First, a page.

Four years ago, I sat in the packed Palace of Auburn Hills, waiting for its three kings to arrive. After years of waiting, I finally had the chance to see the philosophers of rock, the greatest band in the world, the almighty Rush.
My dad practically raised me with the trio blaring from the stereo. I’m sure I heard the wicked bass line vibrations and wailing vocals of Geddy Lee from inside the womb. My dad listened to them for decades, attending countless concerts. There was no way he was going to let me live without them.
Looking around at the full house of the Palace, I could see thousands of diehard fans like my father but also a heavy sprinkling of people from a younger, newer generation like myself, all waiting for the best three hours music could offer. There were nearly no women, though. Lady Rush fans are about as hard to come by as a Rock and Roll Hall of Fame nomination is to the band.
Hall of Fame nominations, however, didn’t matter, (although they did get one) because as soon as the colored lights blazed on with the deep throbbing of “Subdivision’s” synthesizer chords, I immediately knew why the Canadian trio had 24 gold, 14 platinum and three multi-platinum records. I was reminded why they won nine separate Junos, received six Grammy nominations and why each musician was considered the best in his field and a pioneer in their respective instruments.
As soon as Alex Lifeson joined Geddy on the guitar and Neil Peart hopped in on drums, the group suddenly became one. I realized how godly this band had become over the years. They began as working men, finding their way through a hailstorm of negativity, critical reviews and contracts. They were on different strings, separate hemispheres than most of the musical world, spinning fifteen minute epics and intricate progressive rock anthems based on Greek myths, Ayn Rand and Lord of the Rings.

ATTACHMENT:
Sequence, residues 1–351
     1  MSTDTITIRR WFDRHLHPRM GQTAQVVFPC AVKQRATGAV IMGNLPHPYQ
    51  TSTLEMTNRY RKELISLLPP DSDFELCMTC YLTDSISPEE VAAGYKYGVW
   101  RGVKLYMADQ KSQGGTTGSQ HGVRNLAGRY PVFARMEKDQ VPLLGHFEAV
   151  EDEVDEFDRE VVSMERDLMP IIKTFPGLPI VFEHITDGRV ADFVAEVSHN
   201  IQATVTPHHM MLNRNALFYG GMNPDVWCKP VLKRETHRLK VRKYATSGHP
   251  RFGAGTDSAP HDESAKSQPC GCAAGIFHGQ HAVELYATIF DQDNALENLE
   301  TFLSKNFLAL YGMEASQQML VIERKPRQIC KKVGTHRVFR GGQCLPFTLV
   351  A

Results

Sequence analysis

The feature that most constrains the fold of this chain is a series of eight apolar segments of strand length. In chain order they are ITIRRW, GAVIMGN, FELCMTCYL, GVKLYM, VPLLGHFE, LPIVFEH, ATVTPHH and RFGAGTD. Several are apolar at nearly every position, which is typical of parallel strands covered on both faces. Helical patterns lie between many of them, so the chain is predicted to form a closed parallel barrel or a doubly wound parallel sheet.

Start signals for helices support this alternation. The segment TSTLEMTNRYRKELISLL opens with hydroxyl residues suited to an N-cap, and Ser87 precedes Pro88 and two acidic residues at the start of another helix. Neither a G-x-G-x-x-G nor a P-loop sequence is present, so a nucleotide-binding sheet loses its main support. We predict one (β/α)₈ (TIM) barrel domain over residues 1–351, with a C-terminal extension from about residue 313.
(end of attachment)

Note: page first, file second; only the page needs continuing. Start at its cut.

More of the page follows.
Through time, however, they found the spirit of radio, their massive popularity and airtime, and suddenly they were basking in the limelight, the universal dream. Permanent Waves, Moving Pictures, Signals … album after album was met with massive appeal. “Tom Sawyer,” “YYZ,” “Roll the Bones” … each single became a rock station staple. They went from blues riffs to prog rock randomness to synthesizer sound to guitar groove to amp-aching alternative. They played about the Cold War, AIDS and the follies and beauty of the world. Thirty-seven years, 19 albums and 165 songs later, I was watching that history unfold in one magical night.
Despite the time that passed, I doubted little changed. There were still the whack job humor and South Park references. There was still the crazy 10/8 time signatures. Peart was still pounding through three five-minute drum solos, his 360 degree kit spinning around just so he could hit every chime, cymbal and timpani. Lifeson was still making his instrument scream and sing during each song’s masterful guitar solo. And Lee was still hitting every high note while slapping through each intricate bassline, all the while stepping on a dizzying array of synth pedals.
So the guitar chords wailed and the bass hummed; the snares shattered ears while a string ensemble dipped in rhythm, as four massive jets of fire burst up behind the musicians. The heat surged through the crowd in tandem with its shouts and cheers, and I realized that although these kings would soon be stepping down from their thrones, just to witness them perform was the perfect farewell to them.
Beau’s Top Five Rush Songs
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